Block 3: Harvest, Small Group Projects & Preparations for the Journey West

Returning to Kroka Village after their expedition, students join the Kroka farmers in harvesting, preserving the fall bounty for the long winter months ahead, planting cover crops and making fresh apple cider! Students will divide into smaller in-depth interest groups to work on projects that can range from forestry and biodynamic agriculture to construction projects to leather shoe making and fire by friction. Then, it becomes time to make thorough preparations for the final expedition! Each student will choose a specific expedition responsibility (called a “Big Job”) and work with a mentor to take full ownership for this aspect of the upcoming journey. Big Jobs include: master navigator, food manager, medic, fire keeper, and so many more. Students will complete an academic review of all their New England studies, help put the farm to sleep for the winter, and come back together with their families for a Parent Weekend to say goodbye before departing for the Southwest!

Block 4: New Hampshire to Arizona

After departing Kroka, the group will begin an exciting drive across the country. Whenever possible, they will follow scenic routes such as the Blue Ridge Parkway, tour local colleges and explore interesting towns. Camping along the way in beautiful natural areas or with partner organizations, students will explore new ecosystems, open their minds to new landscapes, and contribute physical labor with their hands through service projects. Academic work will continue with studies focused on the relationships between humans and the natural world. Every day will include some form of adventure, be it a hike, a place to rock climb or a cave exploration.

Block 5: Journey Through the Desert

Ahead lie vast wildernesses of wild rivers, deep canyons, fantastic spires and buttes through which students will paddle and bike.  As the group begins their final expedition, life becomes simplified. Each day on the water students will paddle wild rapids and stretches of flat water and exploring the canyons.  Students will then pack all they need to thrive onto their bikes and embark south, covering hundreds of miles of the Arizona and Black Canyon Trails. Each afternoon a new home is created along beautiful river beaches and desert plateaus, and each evening desert sunsets paint the landscapes. In this environment, bonds within the group–ones that will last far beyond this journey–become even deeper, as students learn to depend on one another for safety and sustenance. In addition, students begin to connect to the land itself, as a powerful pulse and source of life supporting a multitude of unique plants and animals, including themselves!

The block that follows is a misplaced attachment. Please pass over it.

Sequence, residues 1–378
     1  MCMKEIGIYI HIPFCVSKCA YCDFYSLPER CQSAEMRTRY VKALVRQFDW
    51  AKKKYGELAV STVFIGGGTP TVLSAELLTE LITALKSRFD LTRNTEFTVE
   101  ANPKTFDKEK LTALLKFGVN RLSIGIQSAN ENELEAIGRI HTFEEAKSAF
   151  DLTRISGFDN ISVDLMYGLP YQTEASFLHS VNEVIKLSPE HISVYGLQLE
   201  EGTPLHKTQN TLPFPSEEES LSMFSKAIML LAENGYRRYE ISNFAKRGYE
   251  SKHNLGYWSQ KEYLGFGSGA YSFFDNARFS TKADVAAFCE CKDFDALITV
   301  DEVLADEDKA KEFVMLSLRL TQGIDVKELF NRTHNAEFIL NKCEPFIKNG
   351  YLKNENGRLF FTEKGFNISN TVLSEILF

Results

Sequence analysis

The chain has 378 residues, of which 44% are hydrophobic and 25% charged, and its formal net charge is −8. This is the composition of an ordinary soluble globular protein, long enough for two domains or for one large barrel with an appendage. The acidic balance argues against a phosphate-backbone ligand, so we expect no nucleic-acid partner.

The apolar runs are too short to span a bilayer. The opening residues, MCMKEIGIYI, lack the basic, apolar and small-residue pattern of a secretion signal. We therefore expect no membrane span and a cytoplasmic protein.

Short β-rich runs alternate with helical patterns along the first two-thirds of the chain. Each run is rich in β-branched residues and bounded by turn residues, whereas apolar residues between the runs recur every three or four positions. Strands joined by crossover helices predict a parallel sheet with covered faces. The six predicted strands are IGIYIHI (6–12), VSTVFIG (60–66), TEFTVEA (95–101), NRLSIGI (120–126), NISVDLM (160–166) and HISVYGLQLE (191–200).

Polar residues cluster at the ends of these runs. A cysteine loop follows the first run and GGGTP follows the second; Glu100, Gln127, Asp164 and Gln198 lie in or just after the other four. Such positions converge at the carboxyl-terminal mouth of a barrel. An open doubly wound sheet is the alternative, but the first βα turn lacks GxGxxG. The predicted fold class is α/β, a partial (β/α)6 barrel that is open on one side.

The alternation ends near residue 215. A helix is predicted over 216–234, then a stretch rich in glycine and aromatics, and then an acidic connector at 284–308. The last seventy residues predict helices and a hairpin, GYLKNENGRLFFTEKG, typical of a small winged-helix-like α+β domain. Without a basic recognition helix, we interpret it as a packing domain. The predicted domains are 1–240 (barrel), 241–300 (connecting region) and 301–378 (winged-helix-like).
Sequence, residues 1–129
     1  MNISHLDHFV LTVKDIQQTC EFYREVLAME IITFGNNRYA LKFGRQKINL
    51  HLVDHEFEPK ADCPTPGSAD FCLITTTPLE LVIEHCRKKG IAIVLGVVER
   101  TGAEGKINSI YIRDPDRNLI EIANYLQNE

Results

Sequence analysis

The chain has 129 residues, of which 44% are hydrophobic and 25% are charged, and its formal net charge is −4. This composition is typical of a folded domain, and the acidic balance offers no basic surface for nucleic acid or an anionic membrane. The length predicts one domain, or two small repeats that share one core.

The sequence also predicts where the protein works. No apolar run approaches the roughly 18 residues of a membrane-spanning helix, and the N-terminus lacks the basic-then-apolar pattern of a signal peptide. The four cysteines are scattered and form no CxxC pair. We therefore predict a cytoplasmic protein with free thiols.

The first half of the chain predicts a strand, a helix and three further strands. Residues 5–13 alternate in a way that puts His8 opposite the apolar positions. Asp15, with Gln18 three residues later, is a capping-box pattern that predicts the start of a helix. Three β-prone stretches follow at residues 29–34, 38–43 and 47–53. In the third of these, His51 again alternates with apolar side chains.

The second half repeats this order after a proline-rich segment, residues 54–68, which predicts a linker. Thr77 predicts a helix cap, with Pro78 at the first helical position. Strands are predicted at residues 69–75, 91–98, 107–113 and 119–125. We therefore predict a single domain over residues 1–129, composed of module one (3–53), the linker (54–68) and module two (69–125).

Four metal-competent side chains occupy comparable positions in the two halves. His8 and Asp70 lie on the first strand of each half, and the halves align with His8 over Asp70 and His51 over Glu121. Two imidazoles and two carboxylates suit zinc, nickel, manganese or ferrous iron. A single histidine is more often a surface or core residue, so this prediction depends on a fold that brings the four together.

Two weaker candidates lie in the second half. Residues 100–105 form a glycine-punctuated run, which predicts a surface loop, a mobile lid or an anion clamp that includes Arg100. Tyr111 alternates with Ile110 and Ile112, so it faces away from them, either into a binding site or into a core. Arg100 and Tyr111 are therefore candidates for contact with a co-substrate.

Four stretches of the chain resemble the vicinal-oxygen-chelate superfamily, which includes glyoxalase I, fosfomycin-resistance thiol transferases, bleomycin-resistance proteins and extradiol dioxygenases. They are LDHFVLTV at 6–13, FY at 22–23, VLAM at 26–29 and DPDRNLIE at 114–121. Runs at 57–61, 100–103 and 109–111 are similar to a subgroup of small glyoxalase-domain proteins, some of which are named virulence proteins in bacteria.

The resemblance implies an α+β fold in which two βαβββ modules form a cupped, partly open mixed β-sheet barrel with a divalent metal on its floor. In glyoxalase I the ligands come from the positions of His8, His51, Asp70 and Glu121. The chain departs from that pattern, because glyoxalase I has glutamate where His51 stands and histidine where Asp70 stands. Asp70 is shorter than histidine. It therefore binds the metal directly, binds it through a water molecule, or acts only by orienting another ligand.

Students will arrive in Tucson and emerge from the depth of extended expedition into society. As we make the intentional shift toward larger communities,  study will continue on the history and legacy of migration, colonization and immigration in the region that we now know as the border between the US and Mexico. Students will learn about the indigenous people who lived throughout the Southwest before the arrival of European settlers and who still reside in the area today. They will study edible and medicinal plants and learn to sustain life in the desert, studying some of the wisdom of these indigenous groups. Students will also wrestle with the complexity on either side of the river and the tensions that run deep along the border. As they study the past and experience the present, a seed is planted with a prayer for an imagined future where the river unites, rather than divides, communities, cultures and countries. The group will complete the expedition with new knowledge, experience and perspectives, and emerge full of questions, curiosity and passion for a more just and equitable world. From here, the return journey back home begins.

Block 6: Returning Home, Transformed

Back at Kroka, students arrive full of excitement for life. As time is taken for reflection on the past three and half months of community living in nature, the group begins to synthesize and metabolize the lessons learned and how to carry them forward into the greater world. A journey of transformation has begun for each student, and it is now time for transition. Therefore, the focus of the final week is centered around shifting the group’s collective energy, generated through learning and growth, towards making positive differences in their communities back home. To celebrate their accomplishments, students complete the semester with a theatrical performance for families and the greater Kroka community.